Cinema history is littered with films about computers being the cause of misery. While some, like HAL from 2001: A Space Odyssey and SkyNet of the Terminator franchise, were more popular supporting characters, an unsung few were the main characters from the outset. Enter Colossus: the Forbin Project.
I can honestly say that my awareness of the film was ziltch until I saw a reference to it in a Mystery Science Theater 3000 episode featuring the 1983 post-apocalyptic Italio B-movie Warriors Of The Lost World. Later that day, I proceeded to surf the information superhighway to find out what a Forbin Project was, assuming it was another bit of history that my South Carolina education forgot to hook me up with. A few weeks later, I rented the film under the specious reasoning that if MST3K referenced it, it must be good in some way, shape, or form. It was.
As the film begins, a man, Dr. Charles A. Forbin (Eric Braeden, better known as the mustachioed Victor Newman from The Young And The Restless) walks through what seems like an underground lair turning on a lot of blinky buttony things. The walls illuminate with tape reels and pulsing lights whirring throughout the antiseptic corridor.
When Dr. Forbin emerges, he and a very Kennedy-esque president (Gordon Pinsent from Away From Her and, more importantly, Blacula) declare that Forbin's creation — a super computer designed to meld with and control America's huge military defense system — is like no other. Not only will it control the far-reaching swaths of missiles but it has unlimited potential thanks to the artificial intelligence Forbin has planted within the system, including human cognition, adaptability, curiosity, and glimmers of emotion. As many films since its release have taught us, this will not end well.
Within minutes the super-computer, Colossus, declares on its news ticker: "There is another system." That system is Guardian, a similar Soviet defense system. Despite feeble attempts by the Americans and the Soviets, Colossus and Guardian become linked, communicating with each other in their own complex mathematical language. And after each attempt to destabilize the computer's connections, the machines quickly adapt like roaches to repellent, making this now globally linked super-super computer impervious to any form of attack. The two mega-puters guarantee this imperviousness by launching a nuke at a Soviet oil field. The lesson becomes clear that it isn't wise to mess with these A.I.
When Forbin's Soviet counterpart is assassinated, Forbin scrambles to regain control of his creation. What vain attempts he makes are thwarted when Colossus orders Forbin to be placed under the computer's 24-hour surveillance. What was initially an attempt to take the control of nukes away from the fallible, emotional hands of Man has become a scary clusterfudge.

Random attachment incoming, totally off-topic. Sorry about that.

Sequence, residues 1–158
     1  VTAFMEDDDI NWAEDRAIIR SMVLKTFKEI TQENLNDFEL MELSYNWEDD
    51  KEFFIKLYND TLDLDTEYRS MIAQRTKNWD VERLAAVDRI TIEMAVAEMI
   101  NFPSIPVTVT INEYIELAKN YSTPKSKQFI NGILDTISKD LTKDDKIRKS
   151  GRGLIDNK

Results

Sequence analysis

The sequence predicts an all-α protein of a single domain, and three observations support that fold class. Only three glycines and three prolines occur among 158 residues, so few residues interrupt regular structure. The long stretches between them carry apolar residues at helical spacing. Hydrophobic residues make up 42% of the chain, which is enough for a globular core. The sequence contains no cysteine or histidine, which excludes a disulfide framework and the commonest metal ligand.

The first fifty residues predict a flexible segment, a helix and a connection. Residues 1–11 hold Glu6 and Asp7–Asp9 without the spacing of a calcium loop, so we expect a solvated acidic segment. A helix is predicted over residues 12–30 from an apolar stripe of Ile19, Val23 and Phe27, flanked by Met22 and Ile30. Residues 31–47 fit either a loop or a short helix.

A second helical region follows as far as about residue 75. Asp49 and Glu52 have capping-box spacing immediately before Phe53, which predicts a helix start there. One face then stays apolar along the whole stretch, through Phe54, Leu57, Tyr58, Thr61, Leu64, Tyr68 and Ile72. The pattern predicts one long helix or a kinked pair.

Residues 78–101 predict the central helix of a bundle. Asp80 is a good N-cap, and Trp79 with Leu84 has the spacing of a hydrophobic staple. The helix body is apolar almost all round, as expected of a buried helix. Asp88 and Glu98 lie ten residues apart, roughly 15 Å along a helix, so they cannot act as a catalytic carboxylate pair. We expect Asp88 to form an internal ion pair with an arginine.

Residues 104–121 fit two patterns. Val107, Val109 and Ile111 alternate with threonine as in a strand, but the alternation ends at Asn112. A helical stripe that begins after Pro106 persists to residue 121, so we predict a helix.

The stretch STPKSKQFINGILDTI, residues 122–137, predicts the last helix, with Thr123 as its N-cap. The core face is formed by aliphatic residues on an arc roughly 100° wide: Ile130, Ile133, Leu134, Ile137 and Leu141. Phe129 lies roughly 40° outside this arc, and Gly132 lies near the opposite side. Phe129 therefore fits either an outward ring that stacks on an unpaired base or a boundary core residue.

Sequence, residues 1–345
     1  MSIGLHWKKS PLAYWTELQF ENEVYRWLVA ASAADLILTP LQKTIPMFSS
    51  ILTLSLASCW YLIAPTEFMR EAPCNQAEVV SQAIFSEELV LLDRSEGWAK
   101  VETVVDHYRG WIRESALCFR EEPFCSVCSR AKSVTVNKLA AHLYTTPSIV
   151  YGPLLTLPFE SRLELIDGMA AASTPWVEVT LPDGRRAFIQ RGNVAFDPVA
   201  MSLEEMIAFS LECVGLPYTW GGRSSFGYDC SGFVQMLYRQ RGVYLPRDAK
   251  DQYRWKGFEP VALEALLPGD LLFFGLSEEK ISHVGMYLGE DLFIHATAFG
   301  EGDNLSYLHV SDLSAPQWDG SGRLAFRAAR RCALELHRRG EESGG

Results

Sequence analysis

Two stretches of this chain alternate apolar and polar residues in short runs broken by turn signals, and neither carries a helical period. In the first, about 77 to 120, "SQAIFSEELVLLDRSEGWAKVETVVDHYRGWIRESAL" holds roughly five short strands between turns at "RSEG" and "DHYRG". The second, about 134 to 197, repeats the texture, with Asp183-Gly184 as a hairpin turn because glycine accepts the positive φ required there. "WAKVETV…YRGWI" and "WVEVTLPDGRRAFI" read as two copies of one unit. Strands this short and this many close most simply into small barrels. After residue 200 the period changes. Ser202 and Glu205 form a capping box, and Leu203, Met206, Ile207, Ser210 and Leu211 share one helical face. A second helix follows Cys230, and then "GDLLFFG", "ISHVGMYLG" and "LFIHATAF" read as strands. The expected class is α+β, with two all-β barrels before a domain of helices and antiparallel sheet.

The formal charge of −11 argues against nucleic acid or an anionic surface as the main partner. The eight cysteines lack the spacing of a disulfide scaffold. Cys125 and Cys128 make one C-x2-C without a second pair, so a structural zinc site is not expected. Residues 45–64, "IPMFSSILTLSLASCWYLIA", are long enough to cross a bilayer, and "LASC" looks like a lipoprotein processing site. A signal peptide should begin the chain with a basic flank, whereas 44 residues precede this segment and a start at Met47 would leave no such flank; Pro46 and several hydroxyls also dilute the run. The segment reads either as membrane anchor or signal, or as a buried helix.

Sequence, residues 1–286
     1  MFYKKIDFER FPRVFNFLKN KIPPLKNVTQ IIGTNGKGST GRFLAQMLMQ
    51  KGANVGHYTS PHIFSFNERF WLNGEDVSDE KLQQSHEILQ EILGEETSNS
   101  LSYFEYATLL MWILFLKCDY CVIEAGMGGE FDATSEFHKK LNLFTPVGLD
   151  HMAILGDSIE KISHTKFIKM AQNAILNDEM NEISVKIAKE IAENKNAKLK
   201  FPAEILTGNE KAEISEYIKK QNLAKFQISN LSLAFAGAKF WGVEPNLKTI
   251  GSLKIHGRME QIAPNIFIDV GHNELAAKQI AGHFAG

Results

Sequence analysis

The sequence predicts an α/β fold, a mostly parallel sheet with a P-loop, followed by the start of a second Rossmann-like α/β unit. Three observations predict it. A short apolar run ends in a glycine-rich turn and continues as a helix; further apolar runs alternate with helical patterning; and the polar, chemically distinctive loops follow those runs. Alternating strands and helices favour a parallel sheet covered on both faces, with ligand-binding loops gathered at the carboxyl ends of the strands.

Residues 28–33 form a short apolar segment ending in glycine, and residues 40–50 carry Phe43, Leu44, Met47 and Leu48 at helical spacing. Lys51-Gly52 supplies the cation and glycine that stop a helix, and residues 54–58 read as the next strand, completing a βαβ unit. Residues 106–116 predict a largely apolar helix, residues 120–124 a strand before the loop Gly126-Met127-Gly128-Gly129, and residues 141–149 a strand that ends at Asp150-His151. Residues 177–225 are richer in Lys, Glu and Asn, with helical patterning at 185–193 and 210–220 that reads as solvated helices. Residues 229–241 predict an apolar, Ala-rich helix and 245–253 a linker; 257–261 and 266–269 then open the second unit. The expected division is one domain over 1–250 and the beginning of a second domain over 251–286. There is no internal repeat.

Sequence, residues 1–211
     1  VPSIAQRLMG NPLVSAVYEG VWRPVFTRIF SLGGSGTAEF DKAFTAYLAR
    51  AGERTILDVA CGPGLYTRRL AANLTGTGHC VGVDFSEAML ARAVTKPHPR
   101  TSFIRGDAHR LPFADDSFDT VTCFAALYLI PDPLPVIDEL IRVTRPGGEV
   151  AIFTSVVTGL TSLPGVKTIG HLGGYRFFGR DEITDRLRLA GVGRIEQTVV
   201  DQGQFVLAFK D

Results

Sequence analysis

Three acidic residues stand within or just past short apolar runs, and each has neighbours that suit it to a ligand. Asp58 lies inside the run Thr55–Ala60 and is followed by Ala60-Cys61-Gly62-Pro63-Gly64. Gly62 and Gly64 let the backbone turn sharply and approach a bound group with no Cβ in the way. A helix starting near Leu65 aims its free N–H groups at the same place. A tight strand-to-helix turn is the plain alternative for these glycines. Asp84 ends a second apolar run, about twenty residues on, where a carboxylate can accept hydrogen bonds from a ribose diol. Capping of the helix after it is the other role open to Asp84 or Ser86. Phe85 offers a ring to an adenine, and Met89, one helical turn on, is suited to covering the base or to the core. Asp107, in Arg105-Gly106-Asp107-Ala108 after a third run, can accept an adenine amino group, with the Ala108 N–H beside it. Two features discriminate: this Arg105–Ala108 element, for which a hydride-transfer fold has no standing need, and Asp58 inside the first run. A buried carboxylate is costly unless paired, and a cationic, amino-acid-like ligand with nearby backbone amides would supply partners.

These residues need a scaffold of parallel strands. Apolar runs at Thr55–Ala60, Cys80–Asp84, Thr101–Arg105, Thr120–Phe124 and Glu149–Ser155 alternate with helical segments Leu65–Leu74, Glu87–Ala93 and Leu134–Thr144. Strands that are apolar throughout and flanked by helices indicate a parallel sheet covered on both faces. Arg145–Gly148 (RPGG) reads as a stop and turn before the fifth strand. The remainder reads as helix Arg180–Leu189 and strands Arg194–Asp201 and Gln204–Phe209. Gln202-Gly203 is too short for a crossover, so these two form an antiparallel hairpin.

There are no massive on-screen explosions to dazzle the eyeballs, no shaky cam footage to give the viewer an adrenaline rush, and no pummeling sounds to remind you how dire the situation is. This 1970 artifact communicates to you dryly with minimal locations and cold machinery. It could easily operate well as a claustrophobic stage play.
Whereas 2001, Alien, The Terminator, and other sci-fi films paint grim pictures accompanied by the imaginative spectacle of robots, monsters, and dystopian landscapes, Joseph Sargent's film is scarily tangible. This is likely the reason why Colossus is so underrated. Sure the idea of a little cyber girl, The Red Queen in Resident Evil, causing a zombie apocalypse or a cyber-Schwarzenegger pumping out endless bullets and tossing out one-liners is appealing in its own youthful way. But the idea of a machine with wide-reaching tentacles controlling not only our every move but our very fate has become an adult reality with each successive year.
Recently, upon entering the wormhole, I found out Colossus was referenced in many movies and TV shows. From the Terminator series to, not surprisingly, an episode of Futurama. Like many under-appreciated films of the late '60s and early '70s, Colossus made an impression on pop culture, albeit a more quiet one. Director Sargent continued to make films until his passing in 2009, but it's frustrating to know that he is known better for Burt Reynolds' flick White Lightning and MST3K-worthy shark movie, Jaws: The Revenge.